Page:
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December 28, 2011

 

Homer broadband push needs additional signatures

Syracuse company says the 500 collected are not enough; 500 more needed

By STEVE HUGHES
Staff Reporter
shughes@cortlandstandardnews.net

HOMER — After over a year of discussions, meetings, canvassing neighborhoods and collecting 520 signatures, Town Supervisor Fred Forbes thought Homer was on its way to finally having affordable broadband Internet access.
Not quite.
New Visions, the Syracuse-based company that promised to provide that broadband access to the town and the village, told Forbes earlier this month that the group would need to collect 500 more signatures.
At the first meeting last March, the company told organizers it needed 500 signatures to show there was enough interest in the company’s services.
The company focuses on bringing digital phone, television and broadband Internet to rural areas using existing power lines.
Forbes said despite the delays, the savings and value of New Visions’ services would be worth it.
“I look forward to when we reach our goal,” he said. “The value it will bring to Homer will be unparalleled.”
The combined population of the town and village of Homer is 9,393, and there are about 3,500 housing units, according to the 2009 U.S. census data.
Carmen Branca Jr., president of New Visions, and Lisa Corless, director of marketing, did not return phone calls requesting comment.
Some customers are already seeing the result of competition, even though there is not a single New Visions customer in Homer.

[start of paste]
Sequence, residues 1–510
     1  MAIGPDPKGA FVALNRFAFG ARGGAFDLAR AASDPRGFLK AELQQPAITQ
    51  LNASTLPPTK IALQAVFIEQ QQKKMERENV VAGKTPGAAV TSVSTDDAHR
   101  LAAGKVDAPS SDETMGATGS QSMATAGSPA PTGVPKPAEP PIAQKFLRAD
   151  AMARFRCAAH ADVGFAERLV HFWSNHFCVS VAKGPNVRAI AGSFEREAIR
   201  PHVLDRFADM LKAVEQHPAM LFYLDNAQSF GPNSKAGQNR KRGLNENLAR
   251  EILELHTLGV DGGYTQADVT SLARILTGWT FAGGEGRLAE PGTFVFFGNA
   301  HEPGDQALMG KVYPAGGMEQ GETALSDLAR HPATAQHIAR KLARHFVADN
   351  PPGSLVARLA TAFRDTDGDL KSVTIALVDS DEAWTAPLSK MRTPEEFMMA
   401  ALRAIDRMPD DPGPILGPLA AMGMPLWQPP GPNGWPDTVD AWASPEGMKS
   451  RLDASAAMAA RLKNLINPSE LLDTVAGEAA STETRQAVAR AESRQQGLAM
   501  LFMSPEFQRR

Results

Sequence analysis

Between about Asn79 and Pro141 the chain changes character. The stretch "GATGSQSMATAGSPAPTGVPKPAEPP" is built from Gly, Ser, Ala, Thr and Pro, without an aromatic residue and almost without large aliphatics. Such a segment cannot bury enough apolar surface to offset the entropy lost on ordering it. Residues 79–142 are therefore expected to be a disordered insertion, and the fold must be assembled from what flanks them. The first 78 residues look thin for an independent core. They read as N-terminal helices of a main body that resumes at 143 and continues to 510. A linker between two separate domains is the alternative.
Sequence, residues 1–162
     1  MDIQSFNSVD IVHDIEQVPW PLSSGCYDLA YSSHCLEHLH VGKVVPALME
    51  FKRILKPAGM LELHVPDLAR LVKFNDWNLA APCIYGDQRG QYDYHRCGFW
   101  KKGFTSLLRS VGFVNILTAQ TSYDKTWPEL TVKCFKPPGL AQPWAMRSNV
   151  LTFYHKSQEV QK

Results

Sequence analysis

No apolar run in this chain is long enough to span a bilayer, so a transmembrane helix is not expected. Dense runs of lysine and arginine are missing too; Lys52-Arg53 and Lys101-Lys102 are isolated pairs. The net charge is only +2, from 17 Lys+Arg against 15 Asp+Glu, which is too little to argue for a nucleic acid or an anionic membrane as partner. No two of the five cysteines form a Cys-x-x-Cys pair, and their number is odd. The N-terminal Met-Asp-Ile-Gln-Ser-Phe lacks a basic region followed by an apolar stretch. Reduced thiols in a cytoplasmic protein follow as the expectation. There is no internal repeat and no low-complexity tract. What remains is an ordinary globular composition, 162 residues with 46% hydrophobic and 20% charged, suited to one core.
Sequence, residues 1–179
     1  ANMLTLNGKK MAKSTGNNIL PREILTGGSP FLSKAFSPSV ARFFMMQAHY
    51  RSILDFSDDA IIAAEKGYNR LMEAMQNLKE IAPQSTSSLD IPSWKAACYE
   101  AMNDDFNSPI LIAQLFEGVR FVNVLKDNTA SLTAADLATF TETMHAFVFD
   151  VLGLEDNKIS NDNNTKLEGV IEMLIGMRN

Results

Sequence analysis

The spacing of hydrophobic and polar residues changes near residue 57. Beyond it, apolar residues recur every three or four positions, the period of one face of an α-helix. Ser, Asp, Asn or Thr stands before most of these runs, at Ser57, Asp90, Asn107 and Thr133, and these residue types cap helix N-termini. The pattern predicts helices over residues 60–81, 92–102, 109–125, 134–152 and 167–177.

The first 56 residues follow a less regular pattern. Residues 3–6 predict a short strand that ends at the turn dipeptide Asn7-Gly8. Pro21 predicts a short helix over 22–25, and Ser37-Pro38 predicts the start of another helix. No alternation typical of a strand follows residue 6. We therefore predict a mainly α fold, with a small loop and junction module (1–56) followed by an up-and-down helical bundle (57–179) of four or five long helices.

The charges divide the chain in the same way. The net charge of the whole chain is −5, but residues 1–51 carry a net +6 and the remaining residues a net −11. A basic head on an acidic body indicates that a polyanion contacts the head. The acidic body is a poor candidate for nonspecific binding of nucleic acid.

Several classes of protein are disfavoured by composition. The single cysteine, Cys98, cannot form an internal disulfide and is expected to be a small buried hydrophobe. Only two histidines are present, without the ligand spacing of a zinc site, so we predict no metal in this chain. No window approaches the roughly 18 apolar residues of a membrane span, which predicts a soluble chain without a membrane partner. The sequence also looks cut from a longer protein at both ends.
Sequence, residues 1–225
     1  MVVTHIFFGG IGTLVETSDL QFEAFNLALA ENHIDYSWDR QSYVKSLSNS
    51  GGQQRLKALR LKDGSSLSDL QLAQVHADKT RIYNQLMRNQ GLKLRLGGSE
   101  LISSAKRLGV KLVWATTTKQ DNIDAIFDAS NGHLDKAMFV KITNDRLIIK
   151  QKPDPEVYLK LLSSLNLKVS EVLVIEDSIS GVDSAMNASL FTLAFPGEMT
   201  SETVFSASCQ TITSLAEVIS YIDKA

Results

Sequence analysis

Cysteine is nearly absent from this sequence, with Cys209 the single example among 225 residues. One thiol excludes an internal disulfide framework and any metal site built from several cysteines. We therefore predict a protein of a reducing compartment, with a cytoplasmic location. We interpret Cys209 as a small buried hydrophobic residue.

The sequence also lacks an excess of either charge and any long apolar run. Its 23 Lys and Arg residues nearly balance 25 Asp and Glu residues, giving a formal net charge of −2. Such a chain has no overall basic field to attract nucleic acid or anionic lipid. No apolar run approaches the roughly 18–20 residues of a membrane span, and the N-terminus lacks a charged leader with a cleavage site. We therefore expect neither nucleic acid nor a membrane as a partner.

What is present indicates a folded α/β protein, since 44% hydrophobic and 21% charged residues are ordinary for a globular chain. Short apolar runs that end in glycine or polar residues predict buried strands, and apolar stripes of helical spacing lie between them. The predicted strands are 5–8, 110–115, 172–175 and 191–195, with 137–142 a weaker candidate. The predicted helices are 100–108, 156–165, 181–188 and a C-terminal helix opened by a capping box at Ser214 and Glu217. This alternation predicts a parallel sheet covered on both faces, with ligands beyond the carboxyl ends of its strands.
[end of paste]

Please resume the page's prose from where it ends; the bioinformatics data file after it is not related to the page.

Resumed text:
Subscribers to Time Warner Cable received letters saying the company is lowering the price of their television, phone and Internet package to $90 a month with a one year contract.
Representatives from Time Warner Cable did not return calls for comment.
Some of the more rural residents in Homer buy services from multiple companies to meet their needs. Those services cost extra though because they do not come as part of a package.
Carl Boise, of Gulf Kinney Road, said in October that he pays over $200 a month for services from three companies.
Time Warner Cable and Verizon refuse to provide broadband access to some of the rural areas in Homer.
During meetings in September and October with Homer residents interested in New Visions’ services, Branca told them the company would connect every home that was interested, all at the same price.
Stephen and Helen Leet, of East Homer, collected 220 signatures in an effort to reach the goal and bring broadband access to their home.
When they asked Time Warner several years ago to run a fiber optic line to their house, they were told it would cost them approximately $5,000 because of the high cost of copper, he said.
Hearing the news that New Visions wanted them to double their goal was difficult, Stephen Leet said.
“It really took the wind out of our sails,” he said. “We canvassed a lot of houses and 90 percent of them wanted to sign up for this.”
Now all that’s left for the Leets to do is wait and see.
“We’ll wait ’til the next meeting with New Visions and we’ll go from there,” Leet said. “We’re still willing to go out and collect more signatures because we really want this to come here.”
No future meeting has been scheduled.

 

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